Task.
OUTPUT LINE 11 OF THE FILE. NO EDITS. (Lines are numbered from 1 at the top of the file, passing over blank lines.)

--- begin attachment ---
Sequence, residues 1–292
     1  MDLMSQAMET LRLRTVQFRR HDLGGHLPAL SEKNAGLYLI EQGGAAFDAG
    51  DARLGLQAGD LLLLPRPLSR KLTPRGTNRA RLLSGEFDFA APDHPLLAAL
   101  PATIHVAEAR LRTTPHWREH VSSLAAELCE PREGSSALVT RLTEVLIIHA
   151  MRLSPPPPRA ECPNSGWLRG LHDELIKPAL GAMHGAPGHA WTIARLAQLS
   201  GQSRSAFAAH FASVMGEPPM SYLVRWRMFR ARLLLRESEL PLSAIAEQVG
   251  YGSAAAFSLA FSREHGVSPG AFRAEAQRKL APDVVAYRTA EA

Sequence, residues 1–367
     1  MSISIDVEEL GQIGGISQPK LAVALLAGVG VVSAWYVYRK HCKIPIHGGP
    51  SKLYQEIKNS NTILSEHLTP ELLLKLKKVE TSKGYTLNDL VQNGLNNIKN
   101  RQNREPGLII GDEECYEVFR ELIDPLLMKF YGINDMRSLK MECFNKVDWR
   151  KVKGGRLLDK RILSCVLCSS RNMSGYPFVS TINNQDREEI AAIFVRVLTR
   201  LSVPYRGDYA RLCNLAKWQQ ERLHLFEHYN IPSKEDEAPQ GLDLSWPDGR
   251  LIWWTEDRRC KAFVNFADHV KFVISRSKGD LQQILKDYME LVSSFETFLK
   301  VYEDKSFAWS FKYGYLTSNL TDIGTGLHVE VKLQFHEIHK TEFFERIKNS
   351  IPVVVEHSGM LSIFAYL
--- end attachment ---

   101  RQNREPGLII GDEECYEVFR ELIDPLLMKF YGINDMRSLK MECFNKVDWR